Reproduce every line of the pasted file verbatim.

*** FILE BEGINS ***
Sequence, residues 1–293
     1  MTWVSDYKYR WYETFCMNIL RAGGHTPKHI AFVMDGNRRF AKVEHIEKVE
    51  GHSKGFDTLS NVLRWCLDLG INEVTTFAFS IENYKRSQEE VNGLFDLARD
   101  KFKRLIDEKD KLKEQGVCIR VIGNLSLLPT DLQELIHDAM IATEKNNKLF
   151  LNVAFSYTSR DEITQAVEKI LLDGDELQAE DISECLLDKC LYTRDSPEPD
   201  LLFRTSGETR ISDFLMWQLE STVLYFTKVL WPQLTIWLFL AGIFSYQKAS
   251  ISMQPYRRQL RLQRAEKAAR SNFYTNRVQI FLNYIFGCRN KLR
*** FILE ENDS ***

Sequence, residues 1–293
     1  MTWVSDYKYR WYETFCMNIL RAGGHTPKHI AFVMDGNRRF AKVEHIEKVE
    51  GHSKGFDTLS NVLRWCLDLG INEVTTFAFS IENYKRSQEE VNGLFDLARD
   101  KFKRLIDEKD KLKEQGVCIR VIGNLSLLPT DLQELIHDAM IATEKNNKLF
   151  LNVAFSYTSR DEITQAVEKI LLDGDELQAE DISECLLDKC LYTRDSPEPD
   201  LLFRTSGETR ISDFLMWQLE STVLYFTKVL WPQLTIWLFL AGIFSYQKAS
   251  ISMQPYRRQL RLQRAEKAAR SNFYTNRVQI FLNYIFGCRN KLR